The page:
It’s complicated living inside my head. I think that’s true for many of us. Borderline or not. Especially when you’ve been hit in your sense of self-worth and self-esteem for so long, when maybe you never developed a good sense of what it is to truly value yourself as a whole human being, it’s difficult if not impossible to internalize how someone else could.

It’s difficult to even look in the mirror some days. Let alone accept the person we see reflected back at us as someone worthwhile. Teaching self-acceptance. Internalizing a sense of accepting one’s self. It’s a lesson I think many of us need to work very hard at. Because we may not know it, but we are worth it. 

I doubt I'm alone in feeling like this, but for anyone else's sake, I wish I was. 

Monday, February 25, 2013

Self-Esteem vs. Self Destruction - Responding vs. Reacting


I found an article while researching BPD and self-esteem by Sonia Neale in a series called Therapy Unplugged. I don’t usually repost other blogs like this in their entirety but there was a bit of information that I think is crucial for us to understand, to learn, and to incorporate into our lives. That bit of wisdom is this:

Respond rather than react.

With BPD we get smashed with a situation and our emotions are little more than impulsive reactions. Not planned, not thought out, with little to no thought to the inevitable consequences.

Therapy Unplugged: 

There is a saying in a self-help group I used to be in back in the eighties. When a “normal” person gets a flat tire, they call the Automobile Association. When someone with (what’s now known as BPD) gets a flat tire, they call the suicide hotline. There’s an awful lot of truth in that.

My goal recently has been to respond rather than react to what I perceive are excruciatingly provocative circumstances and situations. I want to think and act with grace and dignity, to deep breathe, turn around, walk away, move on, learn the lesson and get a life. This attitude has, in the past, kept me in relationships, out of the law courts, out of jail, out of psychiatric hospitals, in employment and in therapy (or life coaching as we are now doing).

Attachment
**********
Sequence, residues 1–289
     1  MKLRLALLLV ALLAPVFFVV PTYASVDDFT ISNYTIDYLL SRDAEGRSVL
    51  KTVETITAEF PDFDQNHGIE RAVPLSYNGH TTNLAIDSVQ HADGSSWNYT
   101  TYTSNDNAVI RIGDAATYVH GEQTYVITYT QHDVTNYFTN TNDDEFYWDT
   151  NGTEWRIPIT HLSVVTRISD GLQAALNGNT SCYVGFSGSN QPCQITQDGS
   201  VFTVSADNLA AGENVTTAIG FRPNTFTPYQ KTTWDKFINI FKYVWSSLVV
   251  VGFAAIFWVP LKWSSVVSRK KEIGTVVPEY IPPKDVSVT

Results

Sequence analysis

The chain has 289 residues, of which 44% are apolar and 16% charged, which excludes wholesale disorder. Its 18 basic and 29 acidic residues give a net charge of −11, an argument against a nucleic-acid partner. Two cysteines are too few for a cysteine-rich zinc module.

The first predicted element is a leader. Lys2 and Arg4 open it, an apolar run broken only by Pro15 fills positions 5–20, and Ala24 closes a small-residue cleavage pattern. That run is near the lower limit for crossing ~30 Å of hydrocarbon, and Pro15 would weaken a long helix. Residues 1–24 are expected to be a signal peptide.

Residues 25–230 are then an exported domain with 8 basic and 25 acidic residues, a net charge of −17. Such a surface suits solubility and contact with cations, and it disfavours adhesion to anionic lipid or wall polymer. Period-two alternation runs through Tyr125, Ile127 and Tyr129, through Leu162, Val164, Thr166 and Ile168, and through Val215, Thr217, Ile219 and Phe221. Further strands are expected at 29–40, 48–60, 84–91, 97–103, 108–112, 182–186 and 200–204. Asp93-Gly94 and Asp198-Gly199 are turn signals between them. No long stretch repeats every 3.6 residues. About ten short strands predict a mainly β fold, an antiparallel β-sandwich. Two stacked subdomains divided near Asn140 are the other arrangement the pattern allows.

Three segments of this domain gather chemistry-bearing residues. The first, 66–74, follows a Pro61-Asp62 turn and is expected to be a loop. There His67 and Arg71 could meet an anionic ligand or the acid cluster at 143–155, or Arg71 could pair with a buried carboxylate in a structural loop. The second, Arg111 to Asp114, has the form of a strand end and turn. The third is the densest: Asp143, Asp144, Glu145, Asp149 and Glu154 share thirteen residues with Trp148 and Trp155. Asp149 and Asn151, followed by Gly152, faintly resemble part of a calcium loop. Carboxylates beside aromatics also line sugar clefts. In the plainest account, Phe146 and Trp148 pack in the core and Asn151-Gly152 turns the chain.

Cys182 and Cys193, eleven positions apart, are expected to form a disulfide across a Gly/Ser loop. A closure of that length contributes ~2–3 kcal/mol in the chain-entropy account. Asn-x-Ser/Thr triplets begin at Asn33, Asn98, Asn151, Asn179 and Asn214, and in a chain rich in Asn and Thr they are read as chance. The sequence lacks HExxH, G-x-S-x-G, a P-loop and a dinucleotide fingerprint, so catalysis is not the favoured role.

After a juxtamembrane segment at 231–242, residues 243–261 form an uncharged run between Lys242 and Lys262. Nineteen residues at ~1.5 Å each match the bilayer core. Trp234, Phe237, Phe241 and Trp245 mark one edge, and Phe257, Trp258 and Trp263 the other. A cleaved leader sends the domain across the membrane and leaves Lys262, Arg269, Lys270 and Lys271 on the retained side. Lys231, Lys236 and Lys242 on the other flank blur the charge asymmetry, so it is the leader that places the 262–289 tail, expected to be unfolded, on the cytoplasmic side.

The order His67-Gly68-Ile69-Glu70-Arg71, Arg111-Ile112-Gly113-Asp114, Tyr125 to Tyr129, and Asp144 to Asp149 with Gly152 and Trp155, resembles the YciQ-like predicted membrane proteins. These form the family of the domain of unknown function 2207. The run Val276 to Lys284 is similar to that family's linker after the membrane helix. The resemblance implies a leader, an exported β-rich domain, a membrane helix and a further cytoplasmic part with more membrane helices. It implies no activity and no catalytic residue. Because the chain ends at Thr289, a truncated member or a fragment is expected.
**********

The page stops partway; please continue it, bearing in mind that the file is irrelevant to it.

No longer is my therapist my nurturing supporter, smothering me endlessly with loving/kindness, reassurances of never abandoning me and justifying my bad behavior and lack of social skills as a result of my environment. We have a more pragmatic egalitarian relationship where I feel mentored, rather than mental.

Responding quickly and with social correctness to sudden galling and goading instances and happenings when newly symptom-free, means being switched on to mindfulness at all times; even – especially – when you are unprepared. Life is full of incidental learning curves and today was no exception.

I went to the loo (bathroom) before going into her office and on the wash basin was an expensive text book so I took it to her office and said perhaps we should call office management and pass it on. She told me in a very stern voice, which broached no disagreement whatsoever indeed, that it was all sorted, to take it back to the toilets and leave it there.

But…I started to argue. So she told me that people knew about this and the best course of action was to take them back down – now. But...I started to argue again. However, her icy glare penetrated my fierce resistance and indignation and with my armpits itching I said with a forced smile: oh well I’ll have to take another trip down the stairs then.

So I resentfully stamped down the stairs and left the book on the bench and by the time I got back, I had decided to let it go, move on and get down to life coaching.

We then processed what had happened. I asked her how did it feel when I started to argue and she said that she felt I took it well, acted with grace and dignity and even had a sense of humor about it. I said that I felt she was quite directive (because she said we were about to start therapy and she did not want to waste time), however, seeing as I had no emotional investment in the book, I chose to cooperative with the current prevailing winds.